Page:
Julian Assange faces further wait over extradition ruling – court requires no death penalty assurance

Julian Assange
Julian Assange (Image: Reuters)

The US must assure Julian Assange has freedom of speech protections and will not receive the death penalty before he is extradited, judges have ruled.

The UK High Court said the Wikileaks founder could be allowed to launch a new appeal against being sent to the US without those commitments.

US authorities say Mr Assange endangered lives by publishing thousands of classified documents.

His lawyers have argued that the case is a form of “state retaliation”.

The court has adjourned its final decision on Mr Assange’s extradition by three weeks to give the US government time to comply with its order.

Speaking after the ruling was published, Mr Assange’s wife called on US President Joe Biden to “drop this shameful case”.

Tuesday’s court order is the latest twist in a legal saga which began when Mr Assange’s website Wikileaks published confidential US documents in 2010 and 2011.

His supporters say the leak exposed US criminality but Mr Assange was widely condemned for failing to redact the names of intelligence operatives, potentially putting their lives at risk.

The 52-year-old Australian national attempted to avoid extradition to the US by seeking refuge in the Ecuadorean embassy in London but was arrested in 2019 and has been held in UK prisons since.

In June 2022, then Home Secretary Priti Patel ruled Mr Assange could be extradited to the US to face trial for 18 offences, a decision which his lawyers have challenged in the courts.

In February, his lawyers submitted nine grounds to the High Court on which they believed Ms Patel’s extradition order was unlawful.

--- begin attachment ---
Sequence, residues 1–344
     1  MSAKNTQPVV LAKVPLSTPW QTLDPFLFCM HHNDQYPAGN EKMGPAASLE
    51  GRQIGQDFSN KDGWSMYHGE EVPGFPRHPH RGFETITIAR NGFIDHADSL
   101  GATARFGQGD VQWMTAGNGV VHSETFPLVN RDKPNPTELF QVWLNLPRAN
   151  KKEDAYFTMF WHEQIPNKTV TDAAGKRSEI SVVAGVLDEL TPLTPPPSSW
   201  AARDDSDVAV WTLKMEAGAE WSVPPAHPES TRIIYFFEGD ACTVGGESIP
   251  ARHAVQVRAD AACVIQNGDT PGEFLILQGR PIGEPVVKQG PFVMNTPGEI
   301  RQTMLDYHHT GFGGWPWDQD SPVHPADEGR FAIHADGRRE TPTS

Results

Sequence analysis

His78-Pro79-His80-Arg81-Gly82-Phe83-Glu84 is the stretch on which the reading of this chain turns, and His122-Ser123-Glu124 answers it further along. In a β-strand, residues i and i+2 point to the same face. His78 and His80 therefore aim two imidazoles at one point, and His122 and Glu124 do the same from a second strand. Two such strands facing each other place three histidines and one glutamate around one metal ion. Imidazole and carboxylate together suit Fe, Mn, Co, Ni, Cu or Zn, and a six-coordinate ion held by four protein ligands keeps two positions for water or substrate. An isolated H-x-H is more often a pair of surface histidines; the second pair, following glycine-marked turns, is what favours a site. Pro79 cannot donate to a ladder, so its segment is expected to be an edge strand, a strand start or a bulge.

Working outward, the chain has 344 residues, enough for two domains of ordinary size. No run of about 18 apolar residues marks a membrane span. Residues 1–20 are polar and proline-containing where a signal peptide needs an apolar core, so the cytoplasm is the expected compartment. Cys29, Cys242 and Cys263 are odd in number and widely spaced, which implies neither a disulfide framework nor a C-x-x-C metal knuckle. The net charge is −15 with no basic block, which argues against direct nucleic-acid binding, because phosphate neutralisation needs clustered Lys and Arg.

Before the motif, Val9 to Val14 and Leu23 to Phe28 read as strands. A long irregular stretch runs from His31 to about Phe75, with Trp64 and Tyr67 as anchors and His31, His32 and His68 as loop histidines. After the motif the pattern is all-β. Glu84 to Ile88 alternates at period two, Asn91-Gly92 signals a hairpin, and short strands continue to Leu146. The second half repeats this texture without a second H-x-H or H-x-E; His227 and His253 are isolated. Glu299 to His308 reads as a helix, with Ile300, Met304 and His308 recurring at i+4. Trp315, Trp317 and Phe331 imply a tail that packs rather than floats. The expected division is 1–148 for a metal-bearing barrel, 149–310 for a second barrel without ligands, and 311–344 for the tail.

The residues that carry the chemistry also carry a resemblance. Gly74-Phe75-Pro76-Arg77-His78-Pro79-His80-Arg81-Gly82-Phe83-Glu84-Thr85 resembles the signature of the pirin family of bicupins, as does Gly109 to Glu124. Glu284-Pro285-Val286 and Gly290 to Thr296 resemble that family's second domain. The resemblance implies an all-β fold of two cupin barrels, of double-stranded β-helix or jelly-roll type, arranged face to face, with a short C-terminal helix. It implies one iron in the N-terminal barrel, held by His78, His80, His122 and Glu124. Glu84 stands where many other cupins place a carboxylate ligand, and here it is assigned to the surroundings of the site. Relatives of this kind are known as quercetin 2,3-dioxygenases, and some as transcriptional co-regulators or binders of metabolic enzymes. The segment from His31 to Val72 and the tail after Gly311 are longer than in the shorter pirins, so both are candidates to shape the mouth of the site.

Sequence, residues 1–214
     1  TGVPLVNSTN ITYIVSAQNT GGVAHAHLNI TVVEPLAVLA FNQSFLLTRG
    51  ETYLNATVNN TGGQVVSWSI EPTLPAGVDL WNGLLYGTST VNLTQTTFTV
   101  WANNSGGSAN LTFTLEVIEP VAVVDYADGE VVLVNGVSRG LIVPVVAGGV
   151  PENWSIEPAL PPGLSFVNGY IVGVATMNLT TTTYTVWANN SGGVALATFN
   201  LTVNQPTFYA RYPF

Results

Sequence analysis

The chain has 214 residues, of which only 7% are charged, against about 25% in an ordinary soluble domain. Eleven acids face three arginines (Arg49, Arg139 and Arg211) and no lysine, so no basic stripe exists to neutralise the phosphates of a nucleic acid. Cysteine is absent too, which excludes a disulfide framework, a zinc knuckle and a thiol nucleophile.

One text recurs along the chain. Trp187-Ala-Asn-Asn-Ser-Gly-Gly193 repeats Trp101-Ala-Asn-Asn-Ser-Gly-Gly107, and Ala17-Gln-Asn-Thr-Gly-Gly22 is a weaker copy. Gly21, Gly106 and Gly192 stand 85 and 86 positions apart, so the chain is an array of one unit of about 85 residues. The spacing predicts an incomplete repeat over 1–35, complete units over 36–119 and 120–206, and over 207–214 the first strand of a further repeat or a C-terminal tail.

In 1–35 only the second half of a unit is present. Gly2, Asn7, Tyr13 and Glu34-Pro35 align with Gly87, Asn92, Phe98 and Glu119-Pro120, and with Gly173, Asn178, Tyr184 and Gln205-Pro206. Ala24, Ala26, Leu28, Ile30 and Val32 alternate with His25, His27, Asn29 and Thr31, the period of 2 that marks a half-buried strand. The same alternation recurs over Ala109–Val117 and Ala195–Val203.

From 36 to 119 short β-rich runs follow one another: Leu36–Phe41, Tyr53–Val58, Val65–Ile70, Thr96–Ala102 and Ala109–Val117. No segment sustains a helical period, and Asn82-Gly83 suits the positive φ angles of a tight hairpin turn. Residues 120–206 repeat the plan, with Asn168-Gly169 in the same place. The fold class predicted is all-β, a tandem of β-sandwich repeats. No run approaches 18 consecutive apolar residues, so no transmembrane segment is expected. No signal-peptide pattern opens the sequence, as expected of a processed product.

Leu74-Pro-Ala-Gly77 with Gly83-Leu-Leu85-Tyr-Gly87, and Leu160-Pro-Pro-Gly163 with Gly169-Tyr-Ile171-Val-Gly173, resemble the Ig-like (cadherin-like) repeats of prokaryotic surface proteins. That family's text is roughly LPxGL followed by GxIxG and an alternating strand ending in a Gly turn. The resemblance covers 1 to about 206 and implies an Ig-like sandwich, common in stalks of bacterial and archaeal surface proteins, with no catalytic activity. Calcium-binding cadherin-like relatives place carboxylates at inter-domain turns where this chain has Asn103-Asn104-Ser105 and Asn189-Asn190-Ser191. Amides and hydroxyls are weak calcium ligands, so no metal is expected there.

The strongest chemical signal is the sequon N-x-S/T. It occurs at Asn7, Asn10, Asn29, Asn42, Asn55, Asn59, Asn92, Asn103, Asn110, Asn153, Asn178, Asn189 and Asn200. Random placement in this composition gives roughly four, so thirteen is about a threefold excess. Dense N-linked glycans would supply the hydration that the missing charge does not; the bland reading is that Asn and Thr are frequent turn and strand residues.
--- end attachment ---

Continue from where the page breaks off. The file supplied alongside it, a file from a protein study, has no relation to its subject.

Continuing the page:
Six were rejected outright – however, in a written judgment on Tuesday, Dame Victoria Sharp and Mr Justice Johnson said Mr Assange had an “arguable case” on their remaining grounds for appeal.

The first two boil down to whether or not Mr Assange would have freedom of expression protections under the US constitution as a foreign national.

The judges also accepted there are insufficient guarantees Mr Assange will not face the death penalty in the US, which his lawyers argue should have prohibited the UK government from agreeing to send him there.

Mr Assange is not charged with any offence in the US which carries the death penalty – however, his lawyers fear he could be further charged with a treason or espionage crime in the future which does.

In their evidence, they pointed to comments made by former US President Donald Trump – who is set to be the Republican nominee in the election later this year – which were supportive of Mr Assange receiving the death penalty.

The US has repeatedly pointed out Mr Assange is not charged with a death penalty offence, and has previously given the courts an assurance they would allow him to serve his prison sentence in Australia if convicted.

If the US does give further assurances in the next three weeks, a final hearing could take place on 20 May.

“If assurances are not given then we will grant leave to appeal without a further hearing,” said Dame Victoria in the court’s ruling.

“If assurances are given then we will give the parties an opportunity to make further submissions before we make a final decision on the application for leave to appeal.”

If Mr Assange’s latest appeal is not granted, he will have exhausted all of his legal avenues in the UK. His remaining option would be to take his case to the European Court of Human Rights.

Julian Assange(Image: PA Media)


Speaking to the crowd gathered outside the court, his wife Stella Assange described her husband as a “political prisoner”.

She added: “The case should have just been thrown out and Julian should not have spent a single day in prison.

“The United States is bringing a case based on the persecution of a journalist for his political opinions.”

Mr Assange’s lawyers say he faces up to 175 years in jail if he is convicted – but the US government has previously said a sentence of between four and six years is more likely.

They took his case to the European Court of Human Rights in 2022, but it was dismissed without a hearing.

Australia’s parliament has passed a motion calling on the UK and US to release Mr Assange, though this has no legal bearing on either government.

Source: bbc.co.uk

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